Fredonia, N.Y. residents established a form of higher education beyond the "common school" when they created the Fredonia Academy in 1826. Before long, the academy was known as a regional center for teacher-training. One of the era's most notable students was Benjamin Franklin Goodrich, known today as B.F. Goodrich.
When New York State authorized Fredonia as the site of one of its four new Normal Schools in 1866, the former academy became known as the Fredonia Normal School. Normal schools issued state-certified teaching credentials to graduates. Classes began in December 1867. Records note, "End of Old Academy. From this, the Fredonia Academy Merged into the Normal and Training School." During an 1867 Reunion, O.W. Johnson Esq. noted, "So, we see the Academy does not die, it only assumes a new, more comprehensive and glorious life." Joseph A. Allen was the Normal School's first leader.
Faculty member Jesse Hillman planted the seeds of Fredonia's outstanding music program in 1887. One of the Normal School's graduates at this time was James H. McGraw, found of McGraw-Hill Publishing Co. Still in weekly publication, the student newspaper, "The Leader," first appeared in September 1899. View Leader issues online in SUNY archives (PDF)>>
Turn of the Century
In the early 1900s, after a tragic fire destroyed the Fredonia Normal School building and took the lives of six students and a janitor who attempted to save them (for more information, view this article that was published in the New York Times>>), "Old Main" was built, and for years this became the center of higher education in Fredonia, N.Y. This structure remained part of the campus for decades, and is still stands as a residential facility.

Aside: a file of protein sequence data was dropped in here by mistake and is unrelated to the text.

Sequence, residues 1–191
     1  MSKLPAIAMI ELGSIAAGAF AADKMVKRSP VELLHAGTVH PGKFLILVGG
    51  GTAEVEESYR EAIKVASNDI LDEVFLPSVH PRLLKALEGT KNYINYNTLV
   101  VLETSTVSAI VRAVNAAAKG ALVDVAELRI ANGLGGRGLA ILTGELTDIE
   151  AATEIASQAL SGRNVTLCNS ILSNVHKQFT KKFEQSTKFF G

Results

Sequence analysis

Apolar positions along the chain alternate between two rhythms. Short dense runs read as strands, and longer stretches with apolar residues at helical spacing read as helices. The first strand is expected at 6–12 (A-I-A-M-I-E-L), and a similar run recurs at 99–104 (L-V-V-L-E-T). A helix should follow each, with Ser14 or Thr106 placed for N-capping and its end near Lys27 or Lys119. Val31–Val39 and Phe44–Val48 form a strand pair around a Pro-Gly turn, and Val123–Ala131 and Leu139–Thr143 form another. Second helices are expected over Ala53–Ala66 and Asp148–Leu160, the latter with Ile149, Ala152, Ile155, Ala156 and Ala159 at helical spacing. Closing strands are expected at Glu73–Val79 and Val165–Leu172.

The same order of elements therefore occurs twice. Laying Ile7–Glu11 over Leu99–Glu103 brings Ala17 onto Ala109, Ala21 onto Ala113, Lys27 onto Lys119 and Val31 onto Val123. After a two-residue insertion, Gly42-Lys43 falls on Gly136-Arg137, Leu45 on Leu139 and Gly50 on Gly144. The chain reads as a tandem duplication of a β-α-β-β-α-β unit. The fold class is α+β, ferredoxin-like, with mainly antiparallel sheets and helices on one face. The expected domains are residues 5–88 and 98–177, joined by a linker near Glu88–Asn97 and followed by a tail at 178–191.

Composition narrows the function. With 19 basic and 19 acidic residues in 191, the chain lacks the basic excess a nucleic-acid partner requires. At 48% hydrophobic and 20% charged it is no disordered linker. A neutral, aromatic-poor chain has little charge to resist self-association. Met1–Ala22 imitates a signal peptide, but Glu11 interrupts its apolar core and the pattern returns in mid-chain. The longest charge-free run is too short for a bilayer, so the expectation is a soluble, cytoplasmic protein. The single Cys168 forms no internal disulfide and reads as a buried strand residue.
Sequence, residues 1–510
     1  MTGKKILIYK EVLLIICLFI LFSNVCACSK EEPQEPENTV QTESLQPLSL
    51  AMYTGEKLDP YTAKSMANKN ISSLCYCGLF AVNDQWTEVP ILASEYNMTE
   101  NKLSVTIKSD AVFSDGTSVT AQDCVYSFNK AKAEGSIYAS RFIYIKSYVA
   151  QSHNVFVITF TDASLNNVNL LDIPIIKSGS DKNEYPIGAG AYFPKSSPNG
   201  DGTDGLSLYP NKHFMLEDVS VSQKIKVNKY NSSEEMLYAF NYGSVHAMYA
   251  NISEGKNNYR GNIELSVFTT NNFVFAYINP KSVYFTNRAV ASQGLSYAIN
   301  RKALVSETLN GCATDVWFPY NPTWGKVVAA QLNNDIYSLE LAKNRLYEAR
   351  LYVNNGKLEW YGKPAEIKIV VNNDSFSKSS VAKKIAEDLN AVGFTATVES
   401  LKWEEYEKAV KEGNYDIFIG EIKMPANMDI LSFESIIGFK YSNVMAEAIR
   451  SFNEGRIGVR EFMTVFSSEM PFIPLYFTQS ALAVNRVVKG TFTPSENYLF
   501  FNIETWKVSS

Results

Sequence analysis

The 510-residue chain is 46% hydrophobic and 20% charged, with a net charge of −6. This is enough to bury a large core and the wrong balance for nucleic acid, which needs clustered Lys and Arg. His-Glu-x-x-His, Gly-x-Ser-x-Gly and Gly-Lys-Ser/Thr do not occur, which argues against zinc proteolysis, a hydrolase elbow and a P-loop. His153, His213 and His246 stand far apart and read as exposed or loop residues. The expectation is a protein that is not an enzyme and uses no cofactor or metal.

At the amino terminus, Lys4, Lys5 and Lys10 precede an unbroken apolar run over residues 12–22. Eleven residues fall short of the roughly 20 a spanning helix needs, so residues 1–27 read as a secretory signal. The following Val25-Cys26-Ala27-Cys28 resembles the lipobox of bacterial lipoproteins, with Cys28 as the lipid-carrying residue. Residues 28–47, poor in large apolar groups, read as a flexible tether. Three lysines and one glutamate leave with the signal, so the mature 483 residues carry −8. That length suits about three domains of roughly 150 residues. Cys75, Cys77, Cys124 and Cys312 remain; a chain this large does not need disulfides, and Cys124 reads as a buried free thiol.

1920 - 1947
After World War I, the U.S. faced teacher shortages as well as a new commitment to improve teacher education by adding college-level liberal arts curricula. Thus, in 1940, Fredonia issued its first baccalaureate degrees. One year later, a center for Fredonia's outstanding music program was built on a new site of 58 acres, and the relocation of the Normal School to a complex campus system of 256 acres was underway.
Along with World War II came the state's official designation of the school as Fredonia State Teacher's College.
Student housing shortages and faculty and student involvement in wartime efforts were the order of the day, and the war's end brought the establishment of the first master's degree program.
In 1948, Fredonia became one of the four-year colleges in the newly-created State University of New York system.
During the 1960s, State University of New York at Fredonia benefited from the baby boom, and the state administration of Gov. Nelson Rockefeller, who infused new growth and vision into the SUNY system. In this era, the first bachelor of arts degrees not associated with teacher education were awarded, and the architectural visions of I.M. Pei came to life in a master plan for buildings and grounds that remain unrivaled in beauty and design.
The Vietnam War years, the Civil Rights Movement, and women's liberation brought student activism and cultural changes to the campus at the same time, breathing life into new student organizations, a deeper awareness of the value of student life outside the classroom, as well as new interests in an expanding academic curriculum. Fredonia was among the first colleges in the nation to start programs in Sound Recording Technology and Recombinant Gene Technology.
The college weathered the trials of state fiscal crises but accomplished a major goal in successfully meeting the goal of its first Capital Campaign, raising more than $5 million in private funds for students scholarships and other needs. During this time, Fredonia made its first appearance as a top ten school in U.S. News & World Reports' college rankings.
1996 - 2012
From 1996 to 2012, tremendous growth took place at State University of New York at Fredonia that included the construction of new buildings and an expansion of enrollment by 25 percent, or 1,000 undergraduates. Graduate enrollment doubled, minority students quadrupled, and international students increased by a magnitude of 10. A major capital campaign raised nearly $17 million in private funds to support State University of New York at Fredonia.